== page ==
Thailand Islands - Travel Health

 
 

Thailand Islands - Travel Health


 
 
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Health in Thailand has been dramatically transformed for the local population over recent years. With the implementation of the 8th National Economic and Social Development Plan from 1997 to 2001, the Government overhauled the health service by providing good health information for all its citizens, implementing safety procedures at work, promoting disease prevention, increasing entitlement to health insurance and introducing universal health care from October 2001 at 30 baht per hospital visit.

For travellers and people on holidays, Thailand is a relatively safe country to travel through both in terms of health and low crime levels. Before arriving in Thailand, travellers should visit their
doctor at lease six to eigth weeks before travelling to see if any vaccinations are required for the areas that they will visit.

The main health issues to consider when travelling through Thailand are insect borne diseases, food and water safety, sexually transmitted diseases including HIV / Aids, protection from the sun and possible air pollution in heavily built up areas or cities such as Bangkok. The following basic preventative measures can help ensure a relatively safe and disease free holiday.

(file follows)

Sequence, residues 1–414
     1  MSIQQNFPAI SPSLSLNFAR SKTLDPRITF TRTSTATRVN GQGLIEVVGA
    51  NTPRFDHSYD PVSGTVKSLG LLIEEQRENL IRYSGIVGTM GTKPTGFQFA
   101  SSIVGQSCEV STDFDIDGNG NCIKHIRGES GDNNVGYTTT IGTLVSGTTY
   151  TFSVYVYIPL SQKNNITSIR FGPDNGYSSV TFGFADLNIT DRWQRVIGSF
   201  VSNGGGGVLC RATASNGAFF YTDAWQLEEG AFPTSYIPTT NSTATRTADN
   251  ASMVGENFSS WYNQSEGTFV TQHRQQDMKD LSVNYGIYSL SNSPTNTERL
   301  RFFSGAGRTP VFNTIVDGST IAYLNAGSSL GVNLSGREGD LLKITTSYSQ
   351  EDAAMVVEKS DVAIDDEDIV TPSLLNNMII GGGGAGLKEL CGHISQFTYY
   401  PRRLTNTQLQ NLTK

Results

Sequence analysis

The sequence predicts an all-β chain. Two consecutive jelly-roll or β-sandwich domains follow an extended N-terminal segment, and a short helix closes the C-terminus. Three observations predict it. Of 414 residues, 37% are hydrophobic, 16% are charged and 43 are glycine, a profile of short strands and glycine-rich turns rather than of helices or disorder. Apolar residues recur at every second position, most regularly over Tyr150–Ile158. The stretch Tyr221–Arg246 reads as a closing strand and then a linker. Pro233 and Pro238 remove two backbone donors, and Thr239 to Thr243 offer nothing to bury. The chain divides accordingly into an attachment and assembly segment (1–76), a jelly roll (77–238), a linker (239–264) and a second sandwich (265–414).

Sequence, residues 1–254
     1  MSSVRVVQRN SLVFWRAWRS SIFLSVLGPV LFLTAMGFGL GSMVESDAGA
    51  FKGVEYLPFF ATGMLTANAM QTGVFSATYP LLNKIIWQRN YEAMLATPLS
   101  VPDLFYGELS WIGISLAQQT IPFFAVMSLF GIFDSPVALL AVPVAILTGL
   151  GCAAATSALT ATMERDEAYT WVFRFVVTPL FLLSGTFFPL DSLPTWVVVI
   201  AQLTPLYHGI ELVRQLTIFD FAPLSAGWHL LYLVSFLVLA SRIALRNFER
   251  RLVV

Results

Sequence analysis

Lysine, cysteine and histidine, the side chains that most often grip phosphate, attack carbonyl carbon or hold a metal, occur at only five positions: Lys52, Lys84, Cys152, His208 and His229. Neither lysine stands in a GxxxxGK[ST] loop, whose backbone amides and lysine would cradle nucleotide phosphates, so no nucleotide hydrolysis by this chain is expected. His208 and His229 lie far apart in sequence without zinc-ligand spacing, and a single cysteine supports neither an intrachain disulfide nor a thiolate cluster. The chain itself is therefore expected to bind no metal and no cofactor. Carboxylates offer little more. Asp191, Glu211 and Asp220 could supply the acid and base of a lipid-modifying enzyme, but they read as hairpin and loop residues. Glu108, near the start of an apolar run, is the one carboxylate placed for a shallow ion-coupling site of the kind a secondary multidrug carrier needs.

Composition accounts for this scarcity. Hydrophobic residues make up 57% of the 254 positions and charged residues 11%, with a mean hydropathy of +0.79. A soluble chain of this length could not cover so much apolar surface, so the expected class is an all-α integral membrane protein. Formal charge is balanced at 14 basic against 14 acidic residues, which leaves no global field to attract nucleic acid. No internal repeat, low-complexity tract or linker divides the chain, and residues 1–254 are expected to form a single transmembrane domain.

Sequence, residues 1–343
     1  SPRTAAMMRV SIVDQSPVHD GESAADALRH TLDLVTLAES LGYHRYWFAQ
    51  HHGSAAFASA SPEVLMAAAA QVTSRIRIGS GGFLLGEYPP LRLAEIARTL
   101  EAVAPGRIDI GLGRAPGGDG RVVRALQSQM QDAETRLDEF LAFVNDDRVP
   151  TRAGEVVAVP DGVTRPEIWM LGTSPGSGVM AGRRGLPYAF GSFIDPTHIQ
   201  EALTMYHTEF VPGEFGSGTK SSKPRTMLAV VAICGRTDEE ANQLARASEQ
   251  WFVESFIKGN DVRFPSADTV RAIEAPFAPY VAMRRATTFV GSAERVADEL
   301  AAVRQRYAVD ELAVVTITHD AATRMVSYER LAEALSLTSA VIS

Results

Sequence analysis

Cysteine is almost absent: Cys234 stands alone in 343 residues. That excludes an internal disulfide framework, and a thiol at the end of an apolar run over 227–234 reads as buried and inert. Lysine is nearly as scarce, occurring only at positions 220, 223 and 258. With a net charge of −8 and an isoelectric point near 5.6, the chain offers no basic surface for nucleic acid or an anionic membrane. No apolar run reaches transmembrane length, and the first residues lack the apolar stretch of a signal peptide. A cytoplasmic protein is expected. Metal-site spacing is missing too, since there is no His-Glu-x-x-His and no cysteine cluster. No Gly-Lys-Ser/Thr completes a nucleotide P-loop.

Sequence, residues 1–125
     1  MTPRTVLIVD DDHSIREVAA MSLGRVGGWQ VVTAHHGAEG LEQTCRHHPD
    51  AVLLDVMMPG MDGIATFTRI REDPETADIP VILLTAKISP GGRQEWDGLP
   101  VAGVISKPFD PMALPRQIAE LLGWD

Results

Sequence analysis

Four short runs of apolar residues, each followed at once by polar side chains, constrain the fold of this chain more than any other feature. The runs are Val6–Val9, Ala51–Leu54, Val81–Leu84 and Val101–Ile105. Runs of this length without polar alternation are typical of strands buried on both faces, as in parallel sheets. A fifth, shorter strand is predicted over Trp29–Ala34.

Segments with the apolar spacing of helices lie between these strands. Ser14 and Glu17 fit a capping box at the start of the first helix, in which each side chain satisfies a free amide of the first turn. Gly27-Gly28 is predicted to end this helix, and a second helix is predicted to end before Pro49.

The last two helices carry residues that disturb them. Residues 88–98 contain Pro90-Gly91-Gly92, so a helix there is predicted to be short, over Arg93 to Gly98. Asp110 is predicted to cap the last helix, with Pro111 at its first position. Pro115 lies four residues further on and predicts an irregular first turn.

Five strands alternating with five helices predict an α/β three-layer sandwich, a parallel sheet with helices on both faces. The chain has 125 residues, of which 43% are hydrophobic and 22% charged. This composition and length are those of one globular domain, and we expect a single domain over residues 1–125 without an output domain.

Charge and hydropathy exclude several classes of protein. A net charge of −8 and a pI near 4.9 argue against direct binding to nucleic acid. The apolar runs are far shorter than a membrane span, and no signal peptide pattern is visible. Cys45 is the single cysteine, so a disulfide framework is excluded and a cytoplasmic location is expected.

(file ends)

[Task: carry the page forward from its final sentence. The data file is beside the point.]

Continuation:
To prevent illnesses from water or food, ensure that only bottle water is drunk or water that has been boiled. Ensure that food is piping hot and cooked all the way through and avoid undercooked foods such as vegetables or meat. Milk products and salads can also carry bacteria if not prepared well. For any diarrhea which lasts for more than a couple of days, medical advice should be sought.

There are a variety of insect borne diseases present in Thailand with dengue fever and malaria being the most common. Fortunately most southern Thailand tourist beaches and islands are free from malaria which is commonly found on the borders of Thailand, Laos, Burma and Cambodia. To prevent being bitten by mosquitoes, wear long trousers and long sleeve tops in the evening. Apply insect repellent to exposed areas. If travelling in wooded or rural areas, wear boots and tuck trousers into boots to prevent bites from ticks and other insects. Also ensure that hotel or hostel rooms have good mosquito netting on the windows or around the bed.

To avoid the harmful effects of too much sun, apply a good quality sun screen and drink water at regularly intervals to prevent dehydration. Avoid too much time in the sun to prevent heat stroke or sun burn and wear a hat or remain under a sun brolly to limit exposure to the sun's rays especially around mid-day. Babies, children and fair skinned people are particularly vulnerable to the sun's rays and need the most protection.

Air pollution can also present a significant risk to people with heart or breathing problems in major cities such as Bangkok or Chiang Mai. To minimize these effects, it is best to remain indoors as much as possible, drink regular amounts of water and avoid over exertion. Finally, sexually transmitted diseases such as HIV/Aids, gonorrhea and other STDs can be prevented or the risk can be minimised by avoiding casual sex with other travellers or sex workers or by wearing good quality condoms.